Onboarding goes beyond simply saying “hello” and showing the user inside the app. This is the time to get the user’s permission to contact them at a later date. You don’t want to go for a hard sell at this stage, so you ease the user into their journey and try to opt them in to hear more from you.

You may choose to ask for permission to send push notifications for marketing services and status updates on the registration screen, or as soon as the user enters the app. This is a huge win, because it means you can send the user a reminder message to complete filling out their account details, or to complete a purchase.

Just be sure to explain how you will be using notifications before asking for permission to send them; requesting permission prior to earning a user’s trust may result in low opt-in rates if you do not provide suitable context.

Inside the user’s account, you may also want to include a check-box where the user can opt-in to receive updates by emails and/or SMS. This way you can reach the user through multiple channels.

Stage 2. Engagement

More than 75% of app users open an app once and never come back (Source: Fortune)

Across the two major app stores, there are 5.8 million apps. The majority downloaded are never used more than once.

So once users are onboard, it’s vital to engage them and keep them active through relevant updates and content, especially during the first month.

Developing a rapport by delivering value and subsequently gaining trust will pave the way for a longer term relationship. Delivering increased value to users leads to higher app usage and creates product evangelism.

Lifecycle Marketing at this stage requires a deeper, more personalized strategy to encourage use. To deliver such, make use of the behavioral data to date:

The following are effective tactics to engage users:

  • In-app messages presented based on certain criteria. For instance: “James, take 10% off the items in your cart with this code”.
  • Local notifications that should be valuable and personalized. For example: “You have items worth $93 in your cart. Checkout now and get free shipping until midnight!”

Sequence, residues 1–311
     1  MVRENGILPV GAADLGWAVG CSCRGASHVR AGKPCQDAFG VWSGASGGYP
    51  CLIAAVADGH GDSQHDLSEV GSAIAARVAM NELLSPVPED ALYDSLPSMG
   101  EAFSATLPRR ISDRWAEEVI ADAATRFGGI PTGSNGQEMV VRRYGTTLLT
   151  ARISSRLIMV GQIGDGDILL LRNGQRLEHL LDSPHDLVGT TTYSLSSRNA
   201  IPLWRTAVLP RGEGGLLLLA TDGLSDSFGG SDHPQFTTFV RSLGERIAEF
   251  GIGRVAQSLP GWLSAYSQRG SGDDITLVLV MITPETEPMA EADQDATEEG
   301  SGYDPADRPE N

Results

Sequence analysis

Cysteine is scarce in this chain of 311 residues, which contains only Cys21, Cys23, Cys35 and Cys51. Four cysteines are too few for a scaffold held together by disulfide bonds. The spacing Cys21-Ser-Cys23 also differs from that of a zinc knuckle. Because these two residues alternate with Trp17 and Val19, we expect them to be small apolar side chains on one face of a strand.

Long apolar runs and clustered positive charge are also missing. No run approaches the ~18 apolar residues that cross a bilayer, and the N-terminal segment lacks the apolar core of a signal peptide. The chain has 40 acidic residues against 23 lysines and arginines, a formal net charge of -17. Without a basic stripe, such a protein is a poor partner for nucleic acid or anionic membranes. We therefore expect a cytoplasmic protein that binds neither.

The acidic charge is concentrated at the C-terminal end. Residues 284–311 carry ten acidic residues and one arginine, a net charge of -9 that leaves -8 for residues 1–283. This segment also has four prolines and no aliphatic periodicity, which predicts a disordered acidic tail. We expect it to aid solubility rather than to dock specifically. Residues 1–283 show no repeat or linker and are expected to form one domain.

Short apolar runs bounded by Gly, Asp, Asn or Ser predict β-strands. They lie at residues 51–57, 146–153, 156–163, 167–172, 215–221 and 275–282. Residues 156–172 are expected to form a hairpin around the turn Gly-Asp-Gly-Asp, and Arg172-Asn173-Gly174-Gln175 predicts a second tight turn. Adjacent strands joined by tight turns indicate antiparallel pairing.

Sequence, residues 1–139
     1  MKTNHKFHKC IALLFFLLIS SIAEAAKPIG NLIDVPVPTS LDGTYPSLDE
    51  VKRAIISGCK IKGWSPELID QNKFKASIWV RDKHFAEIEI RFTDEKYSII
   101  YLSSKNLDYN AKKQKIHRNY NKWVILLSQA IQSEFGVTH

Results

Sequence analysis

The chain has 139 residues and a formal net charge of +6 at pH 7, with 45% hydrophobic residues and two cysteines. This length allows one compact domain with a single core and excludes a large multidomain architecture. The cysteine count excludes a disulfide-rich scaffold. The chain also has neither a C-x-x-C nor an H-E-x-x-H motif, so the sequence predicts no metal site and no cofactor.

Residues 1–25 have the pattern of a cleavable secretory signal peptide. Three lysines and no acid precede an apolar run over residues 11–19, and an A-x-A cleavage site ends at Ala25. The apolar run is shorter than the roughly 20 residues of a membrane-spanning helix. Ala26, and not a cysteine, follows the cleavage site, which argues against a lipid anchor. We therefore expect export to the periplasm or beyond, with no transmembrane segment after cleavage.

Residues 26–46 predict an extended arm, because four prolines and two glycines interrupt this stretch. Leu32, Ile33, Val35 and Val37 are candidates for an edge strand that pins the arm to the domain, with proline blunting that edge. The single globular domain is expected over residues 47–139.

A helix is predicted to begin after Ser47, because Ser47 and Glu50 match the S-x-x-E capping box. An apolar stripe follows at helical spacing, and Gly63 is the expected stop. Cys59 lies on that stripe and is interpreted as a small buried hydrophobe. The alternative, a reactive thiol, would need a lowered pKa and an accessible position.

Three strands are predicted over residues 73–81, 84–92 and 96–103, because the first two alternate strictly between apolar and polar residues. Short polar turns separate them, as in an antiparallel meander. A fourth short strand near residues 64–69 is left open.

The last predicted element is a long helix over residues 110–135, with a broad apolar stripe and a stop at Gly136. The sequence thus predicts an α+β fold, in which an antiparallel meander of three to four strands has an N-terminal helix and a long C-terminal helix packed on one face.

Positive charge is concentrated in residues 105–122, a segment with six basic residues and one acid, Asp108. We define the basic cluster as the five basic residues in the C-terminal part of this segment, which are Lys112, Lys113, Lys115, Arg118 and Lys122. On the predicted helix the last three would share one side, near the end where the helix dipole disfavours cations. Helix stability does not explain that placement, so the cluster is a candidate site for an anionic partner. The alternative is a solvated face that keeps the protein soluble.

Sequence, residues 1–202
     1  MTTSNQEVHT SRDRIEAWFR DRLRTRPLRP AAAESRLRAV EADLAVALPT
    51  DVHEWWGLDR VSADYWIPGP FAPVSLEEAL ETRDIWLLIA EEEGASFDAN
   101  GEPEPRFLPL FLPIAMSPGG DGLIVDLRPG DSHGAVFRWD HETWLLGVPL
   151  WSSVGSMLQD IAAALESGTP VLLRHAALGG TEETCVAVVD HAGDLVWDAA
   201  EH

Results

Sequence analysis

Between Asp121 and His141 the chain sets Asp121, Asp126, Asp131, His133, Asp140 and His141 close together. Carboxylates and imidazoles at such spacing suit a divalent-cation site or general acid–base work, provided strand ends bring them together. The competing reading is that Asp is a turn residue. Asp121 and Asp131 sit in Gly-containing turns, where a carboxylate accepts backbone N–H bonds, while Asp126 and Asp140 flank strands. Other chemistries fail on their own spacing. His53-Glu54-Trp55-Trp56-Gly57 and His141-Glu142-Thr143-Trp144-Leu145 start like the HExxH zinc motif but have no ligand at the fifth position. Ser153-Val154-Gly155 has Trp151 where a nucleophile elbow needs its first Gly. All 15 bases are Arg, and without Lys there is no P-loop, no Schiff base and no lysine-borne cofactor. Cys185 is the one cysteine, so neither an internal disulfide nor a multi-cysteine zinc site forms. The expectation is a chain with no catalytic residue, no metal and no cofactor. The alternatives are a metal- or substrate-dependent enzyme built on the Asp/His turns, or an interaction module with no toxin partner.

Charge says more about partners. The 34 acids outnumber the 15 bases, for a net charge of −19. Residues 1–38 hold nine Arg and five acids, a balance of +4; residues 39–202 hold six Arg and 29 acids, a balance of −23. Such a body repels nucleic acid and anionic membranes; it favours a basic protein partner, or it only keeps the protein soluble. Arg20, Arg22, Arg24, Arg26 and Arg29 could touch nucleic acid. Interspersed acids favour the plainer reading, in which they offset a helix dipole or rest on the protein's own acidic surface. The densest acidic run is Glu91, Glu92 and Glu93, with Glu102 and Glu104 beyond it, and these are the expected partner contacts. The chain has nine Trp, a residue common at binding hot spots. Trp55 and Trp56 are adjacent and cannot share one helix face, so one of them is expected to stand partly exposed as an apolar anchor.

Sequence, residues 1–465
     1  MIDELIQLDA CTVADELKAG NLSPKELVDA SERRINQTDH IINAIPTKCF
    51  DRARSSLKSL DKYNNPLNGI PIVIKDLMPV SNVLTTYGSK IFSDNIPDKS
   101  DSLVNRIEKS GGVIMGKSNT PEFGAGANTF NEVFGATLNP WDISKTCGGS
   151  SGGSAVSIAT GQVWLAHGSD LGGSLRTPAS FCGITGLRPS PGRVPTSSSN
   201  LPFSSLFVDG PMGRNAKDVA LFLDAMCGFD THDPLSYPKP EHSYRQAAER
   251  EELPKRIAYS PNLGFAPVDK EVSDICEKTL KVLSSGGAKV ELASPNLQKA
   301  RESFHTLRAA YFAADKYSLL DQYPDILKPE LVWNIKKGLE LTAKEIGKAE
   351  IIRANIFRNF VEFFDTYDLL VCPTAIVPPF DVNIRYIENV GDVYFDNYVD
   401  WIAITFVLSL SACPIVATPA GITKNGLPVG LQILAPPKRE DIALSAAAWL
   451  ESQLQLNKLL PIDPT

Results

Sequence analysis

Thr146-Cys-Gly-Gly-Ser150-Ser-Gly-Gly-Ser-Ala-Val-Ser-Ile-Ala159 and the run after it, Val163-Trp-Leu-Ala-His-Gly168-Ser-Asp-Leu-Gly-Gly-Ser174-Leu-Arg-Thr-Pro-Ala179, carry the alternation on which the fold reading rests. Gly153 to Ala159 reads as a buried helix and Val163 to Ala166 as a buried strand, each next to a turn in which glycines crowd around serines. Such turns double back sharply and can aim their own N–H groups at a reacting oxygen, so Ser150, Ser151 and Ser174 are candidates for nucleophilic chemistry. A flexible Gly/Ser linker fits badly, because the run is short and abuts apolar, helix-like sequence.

• Milestone notifications containing the right information at the right time to deliver increased value. For example, a travel app can send a weather update for the user’s destination a few hours before the flight. “The weather in England will be dry and sunny when you land. Have a good trip!”
mobile lifecycle marketing
Users have a variety of pain points and needs, you need a lifecycle marketing strategy that represents the diversity of your customers’ buying and engagement journeys.

Stage 3. Conversion

Your “conversion” is your goal: it’s whatever you want the user to end up doing (the outcome). Perhaps it’s to register an account, make a booking or purchase, watch a video, share the app with a friend. Each request is a single step in your overall lifecycle flow.

For online shopping apps, a conversion usually happens when a user purchases a product, not when they add something to their cart.

However, there might be mini-conversions on the way to the sale. For example: an install from a Search Ad is a conversion, and the first opening and registration (submission of email address) of a new user is a conversion.

It all depends on the complexity of your funnel. Regardless, remember that every action should be tracked – the data will teach you about the habits and preferences of your users.

To increase your app’s conversion rate, here are some tactics you can use:

  • Push notifications to re-engage users who haven’t completed the purchase/sign-up process/viewed a certain number of pages (ad model) in the app.